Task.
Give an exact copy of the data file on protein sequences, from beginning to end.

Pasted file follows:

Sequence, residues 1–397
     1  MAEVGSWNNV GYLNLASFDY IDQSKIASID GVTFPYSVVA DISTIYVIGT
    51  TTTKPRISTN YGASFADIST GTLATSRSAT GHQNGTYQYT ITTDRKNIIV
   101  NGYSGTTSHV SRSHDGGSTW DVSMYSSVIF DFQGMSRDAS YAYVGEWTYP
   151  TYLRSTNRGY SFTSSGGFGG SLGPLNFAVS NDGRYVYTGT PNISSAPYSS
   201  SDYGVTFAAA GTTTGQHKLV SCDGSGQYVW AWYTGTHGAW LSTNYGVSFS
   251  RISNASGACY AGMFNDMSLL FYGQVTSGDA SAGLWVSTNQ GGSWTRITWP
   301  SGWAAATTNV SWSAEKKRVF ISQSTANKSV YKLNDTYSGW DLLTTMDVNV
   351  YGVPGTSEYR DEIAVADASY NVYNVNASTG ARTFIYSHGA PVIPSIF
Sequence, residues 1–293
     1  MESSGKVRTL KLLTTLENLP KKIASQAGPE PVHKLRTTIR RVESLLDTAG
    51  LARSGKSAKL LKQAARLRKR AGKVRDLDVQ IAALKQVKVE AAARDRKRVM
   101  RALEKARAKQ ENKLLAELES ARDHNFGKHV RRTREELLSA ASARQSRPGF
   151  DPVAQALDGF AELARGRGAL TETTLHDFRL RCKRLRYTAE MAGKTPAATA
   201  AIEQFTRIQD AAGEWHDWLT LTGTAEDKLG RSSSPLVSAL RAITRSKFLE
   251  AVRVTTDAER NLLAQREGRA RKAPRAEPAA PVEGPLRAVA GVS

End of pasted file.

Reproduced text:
Sequence, residues 1–397
     1  MAEVGSWNNV GYLNLASFDY IDQSKIASID GVTFPYSVVA DISTIYVIGT
    51  TTTKPRISTN YGASFADIST GTLATSRSAT GHQNGTYQYT ITTDRKNIIV
   101  NGYSGTTSHV SRSHDGGSTW DVSMYSSVIF DFQGMSRDAS YAYVGEWTYP
   151  TYLRSTNRGY SFTSSGGFGG SLGPLNFAVS NDGRYVYTGT PNISSAPYSS
   201  SDYGVTFAAA GTTTGQHKLV SCDGSGQYVW AWYTGTHGAW LSTNYGVSFS
   251  RISNASGACY AGMFNDMSLL FYGQVTSGDA SAGLWVSTNQ GGSWTRITWP
   301  SGWAAATTNV SWSAEKKRVF ISQSTANKSV YKLNDTYSGW DLLTTMDVNV
   351  YGVPGTSEYR DEIAVADASY NVYNVNASTG ARTFIYSHGA PVIPSIF
Sequence, residues 1–293
     1  MESSGKVRTL KLLTTLENLP KKIASQAGPE PVHKLRTTIR RVESLLDTAG
    51  LARSGKSAKL LKQAARLRKR AGKVRDLDVQ IAALKQVKVE AAARDRKRVM
   101  RALEKARAKQ ENKLLAELES ARDHNFGKHV RRTREELLSA ASARQSRPGF
   151  DPVAQALDGF AELARGRGAL TETTLHDFRL RCKRLRYTAE MAGKTPAATA
   201  AIEQFTRIQD AAGEWHDWLT LTGTAEDKLG RSSSPLVSAL RAITRSKFLE
   251  AVRVTTDAER NLLAQREGRA RKAPRAEPAA PVEGPLRAVA GVS